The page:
Sometimes what’s not said can be as important, or even more important, than what is said.

That’s true of former Congressman Ed Case‘s announcement Sunday that he wouldn’t compete with state Senate President Colleen Hanabusa for the Democratic nomination for Congress in the Sept. 18 primary.

Case didn’t just come in third in total votes in the May 22 special election. He came third in fundraising. And it had to look daunting from where he stood to raise enough money to mount a viable campaign after Hanabusa beat him on both counts. He had thought — hoped — he might win on the vote count, even though he knew he would lose on the money count. But he won neither more votes nor the financial race.

Looking ahead, Hanabusa had the support of the state’s most powerful politician, Sen. Daniel K. Inouye, and his fundraising might and she clearly had the support of the unions — and their dollars — so important to Democratic politicians.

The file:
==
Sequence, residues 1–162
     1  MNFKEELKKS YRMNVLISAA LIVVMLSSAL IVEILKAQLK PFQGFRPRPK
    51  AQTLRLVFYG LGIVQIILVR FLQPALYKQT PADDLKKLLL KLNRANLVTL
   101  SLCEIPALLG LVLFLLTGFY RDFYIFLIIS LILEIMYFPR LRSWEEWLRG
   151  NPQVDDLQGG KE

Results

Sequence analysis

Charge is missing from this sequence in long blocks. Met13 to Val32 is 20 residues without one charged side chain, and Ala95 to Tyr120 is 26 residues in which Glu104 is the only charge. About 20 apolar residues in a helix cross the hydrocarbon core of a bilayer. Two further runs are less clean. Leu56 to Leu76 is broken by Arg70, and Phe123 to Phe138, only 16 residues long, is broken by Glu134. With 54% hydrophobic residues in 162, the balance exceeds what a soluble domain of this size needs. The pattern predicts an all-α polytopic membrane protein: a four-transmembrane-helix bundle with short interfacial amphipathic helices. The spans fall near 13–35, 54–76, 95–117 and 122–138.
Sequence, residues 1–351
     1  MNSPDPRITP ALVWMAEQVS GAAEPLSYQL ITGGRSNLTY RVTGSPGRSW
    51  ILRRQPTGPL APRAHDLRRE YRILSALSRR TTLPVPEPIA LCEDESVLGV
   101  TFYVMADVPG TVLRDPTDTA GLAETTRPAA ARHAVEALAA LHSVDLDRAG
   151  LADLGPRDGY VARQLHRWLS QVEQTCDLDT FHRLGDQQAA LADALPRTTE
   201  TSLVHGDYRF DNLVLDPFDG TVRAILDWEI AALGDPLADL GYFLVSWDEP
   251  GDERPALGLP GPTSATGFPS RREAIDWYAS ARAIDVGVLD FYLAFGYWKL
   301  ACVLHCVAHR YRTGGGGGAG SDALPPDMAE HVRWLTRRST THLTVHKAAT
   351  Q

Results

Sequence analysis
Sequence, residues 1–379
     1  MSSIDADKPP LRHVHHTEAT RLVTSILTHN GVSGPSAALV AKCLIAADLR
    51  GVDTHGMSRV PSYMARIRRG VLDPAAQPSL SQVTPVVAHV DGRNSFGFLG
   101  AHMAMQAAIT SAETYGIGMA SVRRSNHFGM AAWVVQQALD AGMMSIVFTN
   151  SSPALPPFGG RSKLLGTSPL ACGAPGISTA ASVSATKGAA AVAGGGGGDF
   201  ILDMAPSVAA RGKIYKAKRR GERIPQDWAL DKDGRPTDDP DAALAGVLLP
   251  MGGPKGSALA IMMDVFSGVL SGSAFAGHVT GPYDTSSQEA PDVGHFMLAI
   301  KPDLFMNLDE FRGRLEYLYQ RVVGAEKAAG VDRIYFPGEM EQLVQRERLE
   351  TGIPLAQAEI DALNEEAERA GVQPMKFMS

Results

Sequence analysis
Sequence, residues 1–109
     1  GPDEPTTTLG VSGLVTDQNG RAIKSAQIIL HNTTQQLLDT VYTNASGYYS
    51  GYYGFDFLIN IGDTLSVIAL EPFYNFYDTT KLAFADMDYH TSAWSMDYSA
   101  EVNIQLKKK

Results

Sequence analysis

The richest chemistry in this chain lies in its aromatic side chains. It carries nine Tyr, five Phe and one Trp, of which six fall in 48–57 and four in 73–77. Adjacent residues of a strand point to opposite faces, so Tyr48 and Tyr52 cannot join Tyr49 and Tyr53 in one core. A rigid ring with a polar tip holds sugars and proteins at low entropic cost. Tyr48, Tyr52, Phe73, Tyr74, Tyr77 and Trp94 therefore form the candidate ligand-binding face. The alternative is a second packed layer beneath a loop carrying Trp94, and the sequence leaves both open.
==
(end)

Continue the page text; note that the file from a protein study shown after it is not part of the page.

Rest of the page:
After topping Case in the primary, Hanabusa could have rightfully spent the next four months arguing that she was the candidate to support, that there was no reason to abandon her, even if, as a Civil Beat poll showed, Case might be the better candidate for a general election campaign. She could have argued that money given to Case was money wasted.

It was obvious her second-place “victory” would mean more money flowing to Hanabusa. But where would Case’s come from after a third-place “defeat?”

Just take a look at the difference in their federal campaign finance reports. Case raised $821,302, but only $7,700 came from PACs. Hanabusa raised $1,084,812, with $262,000 from PACs.

It’s said that money is the mother’s milk of politics. Well, Case’s milk was about to dry up. And he had to know it. Which is why he knew he had to drop out, if he was going to live to fight another day.

Which he now may be able to do.

A good reason not to give

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